For Further Questions Join the Live Talk

If you have any questions regarding my project please click the link below and ask away. I will be available for a live talk on Thursday, April 27th from 5:00-6:00 pm EST, but I will be able to periodically answer all posted questions throughout the weekend if you miss the live talk.


References On Building Greenhouses:

21 Amazing DIY Greenhouses with Great Tutorials

Learn More About Benefits of School Gardens:


Fact Sheet Summarizes Benefits of Gardening for Children

Image Sources:

Share this project
  1. April 27, 2017 by Juliet Allan

    Louise, it would be great to implement your suggestions! Have you passed these plans on to others in our community. I was also intrigued with the DIY Greenhouses. The cut bottle mini-greenhouses are particularly clever. Thanks for a great project!

    • April 29, 2017 by Louise H

      Yes, I spoke to Joey Jarrell and Emily Horne, and presented my webpage in my Food Sustainability Class. I think they are hoping to use this webpage in the future for other classes and possibly sending it around the faculty to encourage the new greenhouse actually being built. Thank you for your kind response!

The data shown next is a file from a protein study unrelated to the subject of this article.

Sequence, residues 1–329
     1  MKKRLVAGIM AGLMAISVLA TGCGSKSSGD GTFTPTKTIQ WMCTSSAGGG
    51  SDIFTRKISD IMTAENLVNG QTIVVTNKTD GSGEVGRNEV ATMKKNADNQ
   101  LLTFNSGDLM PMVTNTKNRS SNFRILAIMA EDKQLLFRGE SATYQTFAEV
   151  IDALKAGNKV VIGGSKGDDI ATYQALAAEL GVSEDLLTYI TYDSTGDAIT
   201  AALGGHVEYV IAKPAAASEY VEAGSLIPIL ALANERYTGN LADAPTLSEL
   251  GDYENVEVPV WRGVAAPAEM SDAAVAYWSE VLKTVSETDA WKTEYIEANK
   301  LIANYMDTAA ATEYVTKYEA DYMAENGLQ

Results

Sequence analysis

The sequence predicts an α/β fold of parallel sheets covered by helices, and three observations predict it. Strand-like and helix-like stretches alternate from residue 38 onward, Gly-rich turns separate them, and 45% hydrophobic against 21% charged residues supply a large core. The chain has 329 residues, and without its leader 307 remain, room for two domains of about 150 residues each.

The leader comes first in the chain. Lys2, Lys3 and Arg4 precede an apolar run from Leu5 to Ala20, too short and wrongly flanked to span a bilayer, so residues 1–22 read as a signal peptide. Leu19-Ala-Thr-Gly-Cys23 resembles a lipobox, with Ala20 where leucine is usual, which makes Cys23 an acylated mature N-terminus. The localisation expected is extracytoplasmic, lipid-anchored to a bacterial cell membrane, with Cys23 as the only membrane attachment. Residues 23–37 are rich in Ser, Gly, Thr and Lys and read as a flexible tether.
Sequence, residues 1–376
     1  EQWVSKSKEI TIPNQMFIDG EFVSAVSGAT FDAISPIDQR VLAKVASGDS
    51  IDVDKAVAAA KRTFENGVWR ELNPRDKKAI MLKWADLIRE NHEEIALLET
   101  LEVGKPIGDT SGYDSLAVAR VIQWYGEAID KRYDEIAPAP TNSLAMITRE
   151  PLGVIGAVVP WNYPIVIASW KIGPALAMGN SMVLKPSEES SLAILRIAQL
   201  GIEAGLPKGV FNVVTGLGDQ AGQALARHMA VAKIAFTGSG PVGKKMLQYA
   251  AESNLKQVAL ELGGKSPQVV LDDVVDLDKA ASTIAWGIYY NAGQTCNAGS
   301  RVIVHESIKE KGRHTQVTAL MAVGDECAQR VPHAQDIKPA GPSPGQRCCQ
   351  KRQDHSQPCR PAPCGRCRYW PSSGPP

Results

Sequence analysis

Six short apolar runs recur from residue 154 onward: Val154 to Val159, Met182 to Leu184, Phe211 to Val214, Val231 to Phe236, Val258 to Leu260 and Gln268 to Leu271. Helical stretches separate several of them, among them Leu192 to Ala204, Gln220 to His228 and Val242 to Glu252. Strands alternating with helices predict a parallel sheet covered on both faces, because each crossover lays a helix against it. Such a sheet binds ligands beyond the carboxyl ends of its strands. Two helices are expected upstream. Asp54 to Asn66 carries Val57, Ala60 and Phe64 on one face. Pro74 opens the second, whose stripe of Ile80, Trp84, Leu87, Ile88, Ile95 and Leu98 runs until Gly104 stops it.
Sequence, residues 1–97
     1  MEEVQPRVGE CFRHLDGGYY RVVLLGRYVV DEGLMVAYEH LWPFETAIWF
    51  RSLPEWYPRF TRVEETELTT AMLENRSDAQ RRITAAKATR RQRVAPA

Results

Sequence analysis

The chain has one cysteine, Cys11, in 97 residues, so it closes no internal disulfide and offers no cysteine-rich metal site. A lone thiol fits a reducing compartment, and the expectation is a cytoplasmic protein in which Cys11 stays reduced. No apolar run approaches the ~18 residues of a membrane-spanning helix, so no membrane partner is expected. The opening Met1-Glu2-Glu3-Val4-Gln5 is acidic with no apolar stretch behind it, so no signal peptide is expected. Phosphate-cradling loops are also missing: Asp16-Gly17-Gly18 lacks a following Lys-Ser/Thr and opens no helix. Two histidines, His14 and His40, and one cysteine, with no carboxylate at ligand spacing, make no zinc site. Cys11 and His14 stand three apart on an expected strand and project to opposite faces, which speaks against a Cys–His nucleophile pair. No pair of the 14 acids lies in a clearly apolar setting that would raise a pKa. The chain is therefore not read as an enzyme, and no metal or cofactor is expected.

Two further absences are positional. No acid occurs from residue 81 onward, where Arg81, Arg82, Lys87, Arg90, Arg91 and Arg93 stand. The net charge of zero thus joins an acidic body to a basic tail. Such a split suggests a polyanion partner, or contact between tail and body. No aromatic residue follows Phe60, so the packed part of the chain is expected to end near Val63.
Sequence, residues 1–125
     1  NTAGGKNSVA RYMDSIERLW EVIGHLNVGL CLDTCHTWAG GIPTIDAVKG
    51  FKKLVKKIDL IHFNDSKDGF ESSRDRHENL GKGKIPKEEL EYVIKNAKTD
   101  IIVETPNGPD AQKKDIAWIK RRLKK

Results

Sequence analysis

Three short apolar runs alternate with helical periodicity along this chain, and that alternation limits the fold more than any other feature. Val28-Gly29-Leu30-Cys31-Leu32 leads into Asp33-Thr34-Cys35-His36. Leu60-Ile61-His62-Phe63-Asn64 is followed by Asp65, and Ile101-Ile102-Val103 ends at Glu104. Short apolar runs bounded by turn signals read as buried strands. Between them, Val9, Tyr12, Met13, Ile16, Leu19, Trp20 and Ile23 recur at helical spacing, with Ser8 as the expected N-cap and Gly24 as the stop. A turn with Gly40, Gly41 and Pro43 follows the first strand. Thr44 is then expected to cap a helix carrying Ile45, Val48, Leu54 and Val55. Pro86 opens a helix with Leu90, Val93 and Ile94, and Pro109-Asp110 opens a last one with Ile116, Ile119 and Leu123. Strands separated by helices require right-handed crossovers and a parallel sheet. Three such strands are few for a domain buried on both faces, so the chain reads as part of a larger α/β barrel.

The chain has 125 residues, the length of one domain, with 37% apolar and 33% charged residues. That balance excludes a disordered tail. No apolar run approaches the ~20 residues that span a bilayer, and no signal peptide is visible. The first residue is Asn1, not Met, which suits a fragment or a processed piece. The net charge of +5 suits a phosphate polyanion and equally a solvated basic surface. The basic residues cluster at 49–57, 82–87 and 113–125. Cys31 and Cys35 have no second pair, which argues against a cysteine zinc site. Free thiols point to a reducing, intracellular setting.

2. April 28, 2017 by Emily B

    I love your project, gardens are amazing, especially for students. My school has a garden (no greenhouse, because Hawaii) and it’s actually been used a lot for classes. There’s an English class taught by the woman who runs the garden based on nature in literature and the sixth graders love coming up to work in the garden as well. The DIY stuff is fun too, bottles as well are awesome for DIY aquaponics! Great project!

    • April 30, 2017 by Louise H

      Wow, that sounds amazing, and thank you so much!

  3. April 28, 2017 by Vanessa c